What is municipalism?
We collected key ideas in the municipalist movement and provide a brief description and links to further readings. Click on the icons along the circumference of the circle below to explore.
Radical municipalism ultimately aims to build alternative polities based on the commune to replace politics that reproduce the nation-state, patriarchal power structures and colonial capital accumulation.
Direct democracy, according to Bookchin, through forms such as citizens assemblies, provide practical and effective institutions that can be implemented across the globe to counter an increasingly hierarchical republicanism and help replace the nation-state.
A feminized politics seeks to emphasize the importance of the small, the relational, the everyday, challenging the artificial division between the personal and the political.
Fearless Cities is an informal global movement of activists, organizations, councilors and mayors that are working to radicalize democracy, feminize politics and drive the transition to an economy that cares for people and our environment.
The people of the world, that is, must seize power from the small ruling circle and expropriate the expropriators, pull them down from their pinnacle and make them equals, and distribute the fruits of our labor that have been denied us in some equitable way.
Solidarity economy (SE) is a post-capitalist framework that emerged in Latin America and Europe in the 1990s. It rejects state-dominated authoritarian forms of socialism, instead affirming a core commitment to participatory democracy. Furthermore, it is explicitly feminist, anti-racist, and ecological, and advocates for economic transformation that transcends all of forms of oppression, not just class.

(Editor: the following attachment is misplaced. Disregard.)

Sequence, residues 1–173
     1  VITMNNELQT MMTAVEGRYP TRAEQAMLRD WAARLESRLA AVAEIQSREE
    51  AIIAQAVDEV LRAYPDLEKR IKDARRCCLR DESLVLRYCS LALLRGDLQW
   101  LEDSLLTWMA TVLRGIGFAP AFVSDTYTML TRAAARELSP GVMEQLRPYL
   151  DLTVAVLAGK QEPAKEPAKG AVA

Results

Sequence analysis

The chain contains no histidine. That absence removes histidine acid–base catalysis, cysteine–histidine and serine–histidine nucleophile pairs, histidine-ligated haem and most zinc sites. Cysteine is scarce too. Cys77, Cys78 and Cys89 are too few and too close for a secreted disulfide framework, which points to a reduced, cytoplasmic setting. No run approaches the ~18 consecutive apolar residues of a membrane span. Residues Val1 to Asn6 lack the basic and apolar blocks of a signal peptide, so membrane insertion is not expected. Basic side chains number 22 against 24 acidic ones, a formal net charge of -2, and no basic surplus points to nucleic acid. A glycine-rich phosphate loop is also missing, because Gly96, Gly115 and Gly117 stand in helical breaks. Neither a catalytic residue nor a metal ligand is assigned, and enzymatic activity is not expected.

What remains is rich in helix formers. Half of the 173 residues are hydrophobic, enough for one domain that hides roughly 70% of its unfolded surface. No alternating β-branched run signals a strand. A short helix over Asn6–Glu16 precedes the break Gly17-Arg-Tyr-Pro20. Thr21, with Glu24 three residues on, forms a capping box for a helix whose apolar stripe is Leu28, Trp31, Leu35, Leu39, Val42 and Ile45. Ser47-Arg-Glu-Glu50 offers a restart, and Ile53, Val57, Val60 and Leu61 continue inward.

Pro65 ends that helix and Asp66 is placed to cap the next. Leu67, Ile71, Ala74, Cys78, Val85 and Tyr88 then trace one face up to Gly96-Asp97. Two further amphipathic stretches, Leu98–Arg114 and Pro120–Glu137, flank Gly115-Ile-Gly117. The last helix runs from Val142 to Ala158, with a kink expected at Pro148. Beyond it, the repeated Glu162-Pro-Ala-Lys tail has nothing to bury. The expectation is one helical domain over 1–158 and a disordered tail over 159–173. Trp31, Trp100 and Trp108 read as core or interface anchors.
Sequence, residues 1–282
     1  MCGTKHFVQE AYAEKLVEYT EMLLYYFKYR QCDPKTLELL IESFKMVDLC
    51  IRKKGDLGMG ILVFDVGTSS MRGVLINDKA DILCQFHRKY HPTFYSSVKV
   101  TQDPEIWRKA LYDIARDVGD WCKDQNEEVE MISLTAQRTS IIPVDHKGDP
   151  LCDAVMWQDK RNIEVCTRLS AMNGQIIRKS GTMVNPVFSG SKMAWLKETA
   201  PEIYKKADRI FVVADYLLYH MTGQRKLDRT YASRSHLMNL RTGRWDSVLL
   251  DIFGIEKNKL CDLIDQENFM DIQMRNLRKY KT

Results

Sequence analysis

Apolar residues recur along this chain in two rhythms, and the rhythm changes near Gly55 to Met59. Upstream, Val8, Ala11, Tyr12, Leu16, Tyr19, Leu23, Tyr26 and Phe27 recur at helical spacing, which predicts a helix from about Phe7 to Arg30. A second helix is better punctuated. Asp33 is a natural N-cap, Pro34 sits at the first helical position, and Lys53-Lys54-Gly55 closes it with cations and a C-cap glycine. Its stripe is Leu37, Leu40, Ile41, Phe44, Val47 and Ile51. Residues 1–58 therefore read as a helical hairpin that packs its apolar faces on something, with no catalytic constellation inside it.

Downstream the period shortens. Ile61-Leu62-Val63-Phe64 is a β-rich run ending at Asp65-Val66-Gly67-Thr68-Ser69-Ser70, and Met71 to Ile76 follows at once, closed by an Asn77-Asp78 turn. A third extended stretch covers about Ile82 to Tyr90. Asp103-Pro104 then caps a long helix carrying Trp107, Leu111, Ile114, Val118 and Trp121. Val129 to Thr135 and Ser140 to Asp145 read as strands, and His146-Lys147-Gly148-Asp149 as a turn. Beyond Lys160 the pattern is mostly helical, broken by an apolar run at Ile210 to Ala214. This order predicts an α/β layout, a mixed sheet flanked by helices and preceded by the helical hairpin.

The founding of the Commune in Paris was but a first step towards the building of the Universal Republic: a Commune of Communes encompassing the entire globe and uniting all peoples in a confederacy of liberatory democracies.
Municipalism is the emergent global movement to seize the city and liberate it from neoliberal capitalism and the nation-state. Municipalists see the urban areas as the new site of contestation for popular power and material resources. The metropolis is where people can build alternatives to capitalism based on cooperation and solidarity, neighbors can assemble to govern themselves, and a subjectivity for a new world can be born.
Municipalism comes in many different flavors and forms. The tradition we subscribe to and are inspired by is radical municipalism — the vision that our movements usher in the transition from the coercive and hegemonic structures that rule over us towards decentralized and networked alternatives based on the principles of direct democracy and the solidarity economy. Feminized politics are valued — collaboration, dialogue, and horizontality — over heteropatriarchy and the logic of domination.
Experiments in dual power are small but growing in number. They include:
- Barcelona en Comu is the people’s platform that arose out of the Indignados movement and anti-eviction struggles, and elected an activist Ada Colau into the mayor’s office. The platform is connected to the Fearless Cities network.
- Rojava is the movement for autonomy, feminism, and direct democracy in the Kurdish region of northeastern Syria. The leader of the PKK (Kurdistan Workers’ Party), Abdullah Öcalan, embraced the framework of democratic confederalism after reading Murray Bookchin’s books.
- Cooperation Jackson is based on the 40-year old vision and plan to foster economic democracy and self-determination for Black communities in the Deep South. Their struggle has inspired countless other cooperative cities to arise.